Letting property can be a bit of a minefield, especially if you are new to the industry. Use these six tips to avoid letting to bad tenants.

1) Referencing
This is an area you don’t want to skip. It is easy to find out upfront what sort of tenant someone is likely to be, and this can save headaches later. Ask for a reference from a previous landlord and you will see how they have behaved in the past.

2) Credit check
Is your prospective tenant the type of person who has left a trail of debts behind them or do they pay on time every time? Credit checks can be carried out with reputable companies such as Experian or Equifax, which can save hassle later.

3) Guarantor
So, your prospective tenant has a glowing report from their last landlord and the highest score on their credit check, but you are still nervous about whether their income will cover the rent. You can ask them to have someone sign as a guarantor for them. This is usually a parent or close family member. This means that if the tenant defaults on the rent, you have someone else you can chase for the money as well. This makes things a lot safer for you.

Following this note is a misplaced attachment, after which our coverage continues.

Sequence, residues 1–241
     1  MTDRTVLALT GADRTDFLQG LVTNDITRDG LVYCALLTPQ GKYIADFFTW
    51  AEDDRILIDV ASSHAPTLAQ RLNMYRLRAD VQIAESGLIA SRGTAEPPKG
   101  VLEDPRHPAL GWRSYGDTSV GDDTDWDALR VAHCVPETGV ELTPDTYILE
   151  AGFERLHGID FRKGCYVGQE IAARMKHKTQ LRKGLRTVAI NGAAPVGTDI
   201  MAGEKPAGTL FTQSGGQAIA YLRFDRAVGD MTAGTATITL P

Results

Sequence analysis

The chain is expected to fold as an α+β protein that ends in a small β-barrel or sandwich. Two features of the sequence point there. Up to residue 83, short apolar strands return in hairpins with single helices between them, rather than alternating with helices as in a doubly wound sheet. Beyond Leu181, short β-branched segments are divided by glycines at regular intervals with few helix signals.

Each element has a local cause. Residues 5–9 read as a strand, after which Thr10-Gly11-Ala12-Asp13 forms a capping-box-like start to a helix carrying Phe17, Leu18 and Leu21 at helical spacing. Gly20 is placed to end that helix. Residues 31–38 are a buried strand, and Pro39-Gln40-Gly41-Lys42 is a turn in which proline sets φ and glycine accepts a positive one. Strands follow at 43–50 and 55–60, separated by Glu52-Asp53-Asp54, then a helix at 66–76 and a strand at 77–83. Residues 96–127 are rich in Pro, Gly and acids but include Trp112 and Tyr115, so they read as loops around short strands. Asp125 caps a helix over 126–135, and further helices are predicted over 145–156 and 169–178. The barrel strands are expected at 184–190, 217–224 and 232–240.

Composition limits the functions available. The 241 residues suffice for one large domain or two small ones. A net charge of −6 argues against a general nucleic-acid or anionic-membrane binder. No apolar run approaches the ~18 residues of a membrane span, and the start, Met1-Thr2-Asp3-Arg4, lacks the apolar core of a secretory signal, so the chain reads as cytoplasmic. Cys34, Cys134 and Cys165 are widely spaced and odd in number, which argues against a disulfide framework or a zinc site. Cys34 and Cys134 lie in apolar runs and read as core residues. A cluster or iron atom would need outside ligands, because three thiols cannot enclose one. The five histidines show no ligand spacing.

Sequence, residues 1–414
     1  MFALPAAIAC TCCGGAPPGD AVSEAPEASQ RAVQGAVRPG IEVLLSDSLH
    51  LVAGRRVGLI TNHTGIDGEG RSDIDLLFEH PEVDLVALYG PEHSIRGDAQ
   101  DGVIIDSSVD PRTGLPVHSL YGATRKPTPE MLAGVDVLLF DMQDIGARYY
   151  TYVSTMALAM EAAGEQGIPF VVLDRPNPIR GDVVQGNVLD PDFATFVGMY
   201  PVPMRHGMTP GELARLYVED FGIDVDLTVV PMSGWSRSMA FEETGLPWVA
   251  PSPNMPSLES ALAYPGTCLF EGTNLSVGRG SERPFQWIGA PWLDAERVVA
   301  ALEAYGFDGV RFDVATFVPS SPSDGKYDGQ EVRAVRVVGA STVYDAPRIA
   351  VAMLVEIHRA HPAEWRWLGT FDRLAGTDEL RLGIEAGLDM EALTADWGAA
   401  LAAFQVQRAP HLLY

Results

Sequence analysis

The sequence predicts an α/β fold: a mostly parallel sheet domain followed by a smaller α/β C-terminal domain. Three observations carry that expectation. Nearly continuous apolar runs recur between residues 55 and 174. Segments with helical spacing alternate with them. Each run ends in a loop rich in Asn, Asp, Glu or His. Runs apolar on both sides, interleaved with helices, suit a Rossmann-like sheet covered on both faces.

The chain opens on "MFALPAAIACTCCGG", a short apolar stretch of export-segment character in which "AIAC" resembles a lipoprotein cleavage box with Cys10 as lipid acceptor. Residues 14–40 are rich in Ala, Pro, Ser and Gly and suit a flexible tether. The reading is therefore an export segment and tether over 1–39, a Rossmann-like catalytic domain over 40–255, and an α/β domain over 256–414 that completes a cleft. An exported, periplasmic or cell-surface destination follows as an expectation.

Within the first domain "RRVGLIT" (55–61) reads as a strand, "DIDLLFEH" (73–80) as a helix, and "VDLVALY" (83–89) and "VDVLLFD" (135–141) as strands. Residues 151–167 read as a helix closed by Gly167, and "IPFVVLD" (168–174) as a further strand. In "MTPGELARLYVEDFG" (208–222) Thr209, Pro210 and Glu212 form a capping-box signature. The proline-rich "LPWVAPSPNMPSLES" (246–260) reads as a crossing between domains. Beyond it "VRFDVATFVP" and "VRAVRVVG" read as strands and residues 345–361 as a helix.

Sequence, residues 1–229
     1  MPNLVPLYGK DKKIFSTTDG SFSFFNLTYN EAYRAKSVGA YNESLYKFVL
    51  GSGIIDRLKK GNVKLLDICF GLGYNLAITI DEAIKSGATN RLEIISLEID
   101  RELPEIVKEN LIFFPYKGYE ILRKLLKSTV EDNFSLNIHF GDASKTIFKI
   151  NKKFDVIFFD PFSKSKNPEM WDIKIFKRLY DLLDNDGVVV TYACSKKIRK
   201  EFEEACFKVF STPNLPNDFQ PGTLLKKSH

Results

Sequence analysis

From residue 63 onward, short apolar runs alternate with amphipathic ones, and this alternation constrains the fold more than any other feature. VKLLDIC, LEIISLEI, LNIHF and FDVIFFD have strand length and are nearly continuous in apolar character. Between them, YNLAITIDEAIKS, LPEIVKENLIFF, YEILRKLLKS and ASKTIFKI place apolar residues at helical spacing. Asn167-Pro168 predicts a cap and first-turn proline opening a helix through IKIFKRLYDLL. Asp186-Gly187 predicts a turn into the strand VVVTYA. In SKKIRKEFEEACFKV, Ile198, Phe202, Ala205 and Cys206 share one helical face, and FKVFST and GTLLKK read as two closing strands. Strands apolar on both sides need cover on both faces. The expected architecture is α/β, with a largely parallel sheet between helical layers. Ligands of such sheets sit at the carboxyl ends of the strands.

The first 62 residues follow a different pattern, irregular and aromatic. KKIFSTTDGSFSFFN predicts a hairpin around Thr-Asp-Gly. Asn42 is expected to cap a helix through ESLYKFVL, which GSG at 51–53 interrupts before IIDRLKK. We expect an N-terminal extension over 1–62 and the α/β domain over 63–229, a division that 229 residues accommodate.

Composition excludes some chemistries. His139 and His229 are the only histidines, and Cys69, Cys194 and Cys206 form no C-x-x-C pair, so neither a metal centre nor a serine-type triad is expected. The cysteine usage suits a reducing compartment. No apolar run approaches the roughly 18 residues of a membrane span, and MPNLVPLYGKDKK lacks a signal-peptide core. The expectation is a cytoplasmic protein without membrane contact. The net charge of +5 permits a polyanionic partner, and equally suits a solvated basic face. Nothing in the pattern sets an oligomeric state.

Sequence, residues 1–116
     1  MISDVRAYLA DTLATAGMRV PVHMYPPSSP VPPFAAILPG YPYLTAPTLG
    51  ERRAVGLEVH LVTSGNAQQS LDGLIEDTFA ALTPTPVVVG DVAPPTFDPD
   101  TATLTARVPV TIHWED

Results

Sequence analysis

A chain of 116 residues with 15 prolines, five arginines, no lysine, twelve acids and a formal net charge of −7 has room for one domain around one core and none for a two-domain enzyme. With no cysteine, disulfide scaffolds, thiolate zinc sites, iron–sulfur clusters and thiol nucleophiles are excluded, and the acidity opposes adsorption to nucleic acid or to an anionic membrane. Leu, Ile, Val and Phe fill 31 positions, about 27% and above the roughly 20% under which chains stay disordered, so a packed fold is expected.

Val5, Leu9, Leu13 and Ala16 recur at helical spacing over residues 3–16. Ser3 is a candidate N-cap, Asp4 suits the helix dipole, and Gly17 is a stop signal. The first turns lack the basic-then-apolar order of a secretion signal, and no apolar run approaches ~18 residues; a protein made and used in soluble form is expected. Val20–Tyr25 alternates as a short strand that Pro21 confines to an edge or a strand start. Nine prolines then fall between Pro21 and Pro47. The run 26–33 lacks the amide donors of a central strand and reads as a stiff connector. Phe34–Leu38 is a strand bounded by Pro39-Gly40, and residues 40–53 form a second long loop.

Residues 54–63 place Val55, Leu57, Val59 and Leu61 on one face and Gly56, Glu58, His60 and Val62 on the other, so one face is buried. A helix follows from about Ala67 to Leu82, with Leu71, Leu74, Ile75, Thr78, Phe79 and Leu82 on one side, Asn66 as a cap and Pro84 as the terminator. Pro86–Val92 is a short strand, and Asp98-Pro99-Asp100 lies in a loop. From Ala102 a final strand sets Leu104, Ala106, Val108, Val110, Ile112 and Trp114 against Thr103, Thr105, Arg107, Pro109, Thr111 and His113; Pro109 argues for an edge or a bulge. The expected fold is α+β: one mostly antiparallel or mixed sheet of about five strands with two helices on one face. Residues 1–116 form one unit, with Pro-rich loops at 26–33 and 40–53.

4) Check ins
Before you hand over the keys, it is a good idea to carry out a check in with the tenant. This means that you can record the exact state of the property before the tenant moves in. It protects you if the tenant causes some damage while they are there, but it also covers the tenant if it has been recorded that some damage was already there. Use a property inspection app such as Inventorybase to make things easier for you (https://inventorybase.co.uk/).

5) Interim checks
These can be carried out to make sure the property remains in a similar state to how it was let and doesn’t let the property fall into disrepair. According to the Property Ombudsman, a tenant should be allowed ‘quiet enjoyment’ of the property. However, the nature and frequency of the inspections can be agreed between landlord and tenant at the outset.

6) Check outs
This is like a check in. Carry out the same inspection when the tenant moves out and you can compare both reports for any discrepancies.

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